Practice may not make perfect

To master the violin takes 10,000 hours of practice. Put in that time and expertise will follow. This, at least, is what many music teachers—following Malcolm Gladwell’s prescription for achieving expertise in almost any field by applying the requisite amount of effort—tell their pupils. Psychologists are more sceptical. Some agree practice truly is the thing that separates experts from novices, but others suspect genes play a role, too, and that without the right genetic make-up even 20,000 hours of practice would be pointless. A study just published in Psychological Science, by Miriam Mosing of the Karolinska Institute, in Sweden, suggests that the sceptics are right. Practising music without the right genes to back that practice up is indeed useless. “While talent may be tied to one’s genes, many musicians have proven that money, regardless of its source, is often the main reason behind one’s success, or lack thereof.” Read the full article here:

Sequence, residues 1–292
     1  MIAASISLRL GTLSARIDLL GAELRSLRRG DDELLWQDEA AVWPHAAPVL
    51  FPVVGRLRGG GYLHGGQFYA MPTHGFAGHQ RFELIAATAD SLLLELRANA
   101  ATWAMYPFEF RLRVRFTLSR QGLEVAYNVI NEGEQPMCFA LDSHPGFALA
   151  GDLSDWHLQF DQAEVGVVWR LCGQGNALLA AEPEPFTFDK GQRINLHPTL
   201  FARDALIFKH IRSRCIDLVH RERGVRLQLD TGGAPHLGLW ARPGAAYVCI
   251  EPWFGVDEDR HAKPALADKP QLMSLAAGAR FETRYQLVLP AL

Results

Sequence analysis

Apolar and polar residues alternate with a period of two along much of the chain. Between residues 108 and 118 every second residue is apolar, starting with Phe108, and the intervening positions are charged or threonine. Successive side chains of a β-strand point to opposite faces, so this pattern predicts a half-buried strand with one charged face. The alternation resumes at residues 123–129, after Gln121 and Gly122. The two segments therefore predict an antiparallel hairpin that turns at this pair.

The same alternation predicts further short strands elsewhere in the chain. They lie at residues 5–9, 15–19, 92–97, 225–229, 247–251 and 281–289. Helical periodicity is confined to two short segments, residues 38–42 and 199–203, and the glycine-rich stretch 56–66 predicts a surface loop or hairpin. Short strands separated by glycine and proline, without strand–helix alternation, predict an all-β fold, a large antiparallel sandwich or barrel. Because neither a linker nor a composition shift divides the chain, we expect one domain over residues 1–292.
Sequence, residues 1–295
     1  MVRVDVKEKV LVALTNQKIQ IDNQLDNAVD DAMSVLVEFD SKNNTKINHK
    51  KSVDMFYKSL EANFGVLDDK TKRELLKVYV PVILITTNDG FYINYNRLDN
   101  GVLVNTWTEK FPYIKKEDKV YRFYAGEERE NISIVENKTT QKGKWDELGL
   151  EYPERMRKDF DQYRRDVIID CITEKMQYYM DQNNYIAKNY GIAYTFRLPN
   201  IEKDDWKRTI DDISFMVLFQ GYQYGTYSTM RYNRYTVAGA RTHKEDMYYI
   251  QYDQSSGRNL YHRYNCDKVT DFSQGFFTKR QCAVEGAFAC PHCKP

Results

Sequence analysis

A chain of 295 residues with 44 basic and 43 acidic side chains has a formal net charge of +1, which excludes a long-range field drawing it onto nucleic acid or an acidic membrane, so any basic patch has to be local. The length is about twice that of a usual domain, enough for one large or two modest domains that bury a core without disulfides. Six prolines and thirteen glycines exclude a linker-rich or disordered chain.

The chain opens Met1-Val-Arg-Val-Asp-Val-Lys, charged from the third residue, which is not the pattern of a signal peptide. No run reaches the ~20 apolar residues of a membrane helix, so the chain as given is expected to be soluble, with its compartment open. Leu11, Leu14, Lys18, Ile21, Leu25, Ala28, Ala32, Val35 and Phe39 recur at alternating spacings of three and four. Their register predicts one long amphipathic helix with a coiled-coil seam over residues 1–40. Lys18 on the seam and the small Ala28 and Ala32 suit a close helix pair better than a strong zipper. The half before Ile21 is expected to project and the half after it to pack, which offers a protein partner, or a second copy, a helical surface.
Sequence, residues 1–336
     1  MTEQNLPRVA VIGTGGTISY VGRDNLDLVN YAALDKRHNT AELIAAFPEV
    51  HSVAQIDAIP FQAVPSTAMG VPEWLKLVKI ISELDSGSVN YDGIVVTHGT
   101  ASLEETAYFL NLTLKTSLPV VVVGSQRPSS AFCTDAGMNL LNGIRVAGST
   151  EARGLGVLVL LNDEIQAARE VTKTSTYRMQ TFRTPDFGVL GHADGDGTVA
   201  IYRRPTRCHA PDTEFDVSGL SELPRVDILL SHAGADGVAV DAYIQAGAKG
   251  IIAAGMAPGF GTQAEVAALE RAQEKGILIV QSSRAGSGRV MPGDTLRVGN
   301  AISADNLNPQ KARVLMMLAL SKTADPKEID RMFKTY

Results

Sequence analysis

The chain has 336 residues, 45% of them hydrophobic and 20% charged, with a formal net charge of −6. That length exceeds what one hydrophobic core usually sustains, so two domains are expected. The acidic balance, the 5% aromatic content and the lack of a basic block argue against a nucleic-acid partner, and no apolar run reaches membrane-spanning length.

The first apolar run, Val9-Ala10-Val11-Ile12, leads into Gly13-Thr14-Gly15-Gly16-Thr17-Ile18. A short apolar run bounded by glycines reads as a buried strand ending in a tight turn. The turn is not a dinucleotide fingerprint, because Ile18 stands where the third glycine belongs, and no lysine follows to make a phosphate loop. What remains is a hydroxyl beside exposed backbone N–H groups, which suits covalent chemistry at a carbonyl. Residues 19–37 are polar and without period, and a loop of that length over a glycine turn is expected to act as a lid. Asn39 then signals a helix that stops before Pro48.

Tags: , , , , , , ,

Trackback from your site.